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Amazon Prime Video makes Dolby Vision, Atmos a paid upgrade

A promotion to upgrade to an ad-free subscription on Amazon Prime Video.
Simon Cohen / Digital Trends

I have bad news if you’re an Amazon Prime Video subscriber who hasn’t opted for the company’s new ad-free tier. Not only are you starting to see ads before you get to binge the latest season of Reacher, but you also won’t be getting the show streamed in Dolby’s most advanced formats — Dolby Vision and Dolby Atmos.

First reported by German website 4KFilme, then corroborated by Forbes in the U.K., it seems that Amazon has removed Dolby Vision and Dolby Atmos from its base streaming tier (which became ad-supported on January 29), making the formats exclusive to those who opt-in to the ad-free premium subscription, which costs an additional $3 per month.

While Dolby Vision isn’t supported by all HDR TVs (Samsung’s TVs have never included it), many experts consider the dynamic HDR format to be superior in terms of contrast, color, detail, and brightness when compared to HDR10, which is supported by all HDR TV models.

Similarly, Dolby Atmos can provide a more immersive soundtrack, largely through the addition of overhead “height” sound effects, resulting in a three-dimensional experience on sound systems that are equipped to reproduce it.

Reacher on Amazon Prime Video.
Despite displaying the Dolby Atmos flag, season 2 of Reacher only streams in Dolby Digital 5.1 for ad-supported Amazon Prime Video memberships. Simon Cohen / Digital Trends

Digital Trends can confirm that free subscribers that stream content labeled as Dolby Atmos are only getting Dolby Digital 5.1, and titles like The Lord of The Rings: The Rings of Power, which were previously available in Dolby Vision and Dolby Atmos to all Prime subscribers, are now only available to those with an ad-free account. Regular Prime members can only stream the show in HDR10 and Dolby Digital 5.1.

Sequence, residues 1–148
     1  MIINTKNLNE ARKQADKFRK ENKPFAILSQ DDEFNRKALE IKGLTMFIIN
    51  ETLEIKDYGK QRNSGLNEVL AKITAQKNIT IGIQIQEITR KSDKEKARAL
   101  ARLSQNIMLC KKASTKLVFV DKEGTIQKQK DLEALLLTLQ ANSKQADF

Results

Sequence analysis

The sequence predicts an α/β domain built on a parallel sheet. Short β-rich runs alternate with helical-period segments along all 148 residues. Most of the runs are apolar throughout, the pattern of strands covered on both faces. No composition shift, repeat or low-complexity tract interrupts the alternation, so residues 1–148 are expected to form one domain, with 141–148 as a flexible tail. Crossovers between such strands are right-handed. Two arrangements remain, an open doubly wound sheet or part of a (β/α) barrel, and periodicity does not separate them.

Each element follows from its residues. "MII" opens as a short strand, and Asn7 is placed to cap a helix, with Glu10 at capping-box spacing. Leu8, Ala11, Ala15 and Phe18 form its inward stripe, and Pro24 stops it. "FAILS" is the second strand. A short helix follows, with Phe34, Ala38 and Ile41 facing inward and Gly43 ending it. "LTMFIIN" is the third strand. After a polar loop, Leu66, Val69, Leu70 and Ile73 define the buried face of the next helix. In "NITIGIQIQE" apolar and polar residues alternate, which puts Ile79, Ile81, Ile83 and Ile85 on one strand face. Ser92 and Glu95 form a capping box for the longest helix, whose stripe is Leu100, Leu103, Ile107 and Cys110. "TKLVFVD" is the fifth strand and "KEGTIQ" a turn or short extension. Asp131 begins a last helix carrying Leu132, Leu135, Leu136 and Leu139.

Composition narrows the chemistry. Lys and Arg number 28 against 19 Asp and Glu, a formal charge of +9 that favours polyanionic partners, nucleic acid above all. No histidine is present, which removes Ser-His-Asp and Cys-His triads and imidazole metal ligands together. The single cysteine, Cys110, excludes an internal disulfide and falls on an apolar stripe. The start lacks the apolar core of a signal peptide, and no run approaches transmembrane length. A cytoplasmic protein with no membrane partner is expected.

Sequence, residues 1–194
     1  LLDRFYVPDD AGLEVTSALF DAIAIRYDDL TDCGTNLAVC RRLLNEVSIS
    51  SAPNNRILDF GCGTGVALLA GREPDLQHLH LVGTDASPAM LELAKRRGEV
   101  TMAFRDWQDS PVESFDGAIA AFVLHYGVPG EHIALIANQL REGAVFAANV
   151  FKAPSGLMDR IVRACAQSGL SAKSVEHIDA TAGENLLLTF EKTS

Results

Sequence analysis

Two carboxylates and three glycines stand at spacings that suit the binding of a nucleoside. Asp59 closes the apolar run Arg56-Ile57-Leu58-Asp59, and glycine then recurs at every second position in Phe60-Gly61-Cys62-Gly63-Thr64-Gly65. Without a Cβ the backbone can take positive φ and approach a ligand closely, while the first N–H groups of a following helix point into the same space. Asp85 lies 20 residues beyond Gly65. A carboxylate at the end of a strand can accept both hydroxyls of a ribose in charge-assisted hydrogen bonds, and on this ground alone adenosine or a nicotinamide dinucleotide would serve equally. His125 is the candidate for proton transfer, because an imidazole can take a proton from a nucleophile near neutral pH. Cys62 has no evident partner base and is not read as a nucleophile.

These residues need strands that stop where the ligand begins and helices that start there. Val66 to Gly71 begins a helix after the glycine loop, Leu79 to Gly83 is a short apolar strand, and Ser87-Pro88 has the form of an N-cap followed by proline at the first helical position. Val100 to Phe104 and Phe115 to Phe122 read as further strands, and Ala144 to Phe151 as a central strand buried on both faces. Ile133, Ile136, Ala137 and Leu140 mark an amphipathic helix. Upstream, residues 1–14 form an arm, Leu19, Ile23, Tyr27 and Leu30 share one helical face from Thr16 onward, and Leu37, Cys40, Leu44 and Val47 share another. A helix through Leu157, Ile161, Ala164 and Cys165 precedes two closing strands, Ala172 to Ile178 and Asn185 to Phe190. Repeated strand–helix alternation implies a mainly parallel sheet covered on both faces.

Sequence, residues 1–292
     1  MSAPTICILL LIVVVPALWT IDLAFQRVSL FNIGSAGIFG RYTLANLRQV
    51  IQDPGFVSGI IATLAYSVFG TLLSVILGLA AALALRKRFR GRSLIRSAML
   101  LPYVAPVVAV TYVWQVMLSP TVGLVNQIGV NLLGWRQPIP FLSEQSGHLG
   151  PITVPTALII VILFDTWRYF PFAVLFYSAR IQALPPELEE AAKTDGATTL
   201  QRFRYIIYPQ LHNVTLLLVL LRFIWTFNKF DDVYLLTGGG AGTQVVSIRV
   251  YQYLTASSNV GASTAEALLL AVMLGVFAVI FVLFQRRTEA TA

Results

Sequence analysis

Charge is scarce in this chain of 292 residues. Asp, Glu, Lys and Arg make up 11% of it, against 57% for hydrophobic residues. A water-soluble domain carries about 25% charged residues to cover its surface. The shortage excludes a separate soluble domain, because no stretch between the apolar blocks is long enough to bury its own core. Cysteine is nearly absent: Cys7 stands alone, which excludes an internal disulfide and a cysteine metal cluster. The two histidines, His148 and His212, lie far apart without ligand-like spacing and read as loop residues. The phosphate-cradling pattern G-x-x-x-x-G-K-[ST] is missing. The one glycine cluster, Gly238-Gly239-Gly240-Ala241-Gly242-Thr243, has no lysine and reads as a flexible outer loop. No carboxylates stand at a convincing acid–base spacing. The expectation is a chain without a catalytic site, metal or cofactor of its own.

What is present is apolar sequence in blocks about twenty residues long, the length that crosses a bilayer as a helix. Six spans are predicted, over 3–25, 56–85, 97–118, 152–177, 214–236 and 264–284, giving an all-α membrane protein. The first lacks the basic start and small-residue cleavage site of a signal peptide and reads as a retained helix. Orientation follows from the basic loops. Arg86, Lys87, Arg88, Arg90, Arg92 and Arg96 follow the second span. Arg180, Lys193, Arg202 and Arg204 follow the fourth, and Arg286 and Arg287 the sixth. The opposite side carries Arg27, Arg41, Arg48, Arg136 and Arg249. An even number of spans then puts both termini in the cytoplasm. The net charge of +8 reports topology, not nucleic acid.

Reporting for Forbes, John Archer says that while Dolby Vision is no longer available within the ad-supported tier, HDR10+ remains an option. HDR10+ is a license-free alternative to Dolby Vision, which Amazon supports on nearly all of its content.

It’s not yet clear why Amazon has made this change, however some have suggested that Dolby’s licensing fees may have played a role. It doesn’t appear any efforts were made to inform existing Prime members of the new limitations either via email or through the official Amazon blog.

Despite the lack of communication, the move isn’t unprecedented. Netflix has long kept Dolby Vision and Dolby Atmos restricted to its most expensive subscription tier. Other streaming services, like Apple TV+ and Disney+ provide these formats to all subscribers, regardless of price.

Digital Trends reached out to Amazon for comment, but instead of an explanation, a spokesperson simply provided a confirmation of what we already knew:

“All Prime members get the benefit of enhanced streaming quality, including UHD, HDR10 and HDR10+, where available. These streaming features and high-definition viewing capabilities, as well as Dolby Vision and Dolby Atmos, are also available on select titles for Prime Video Ad Free customers.”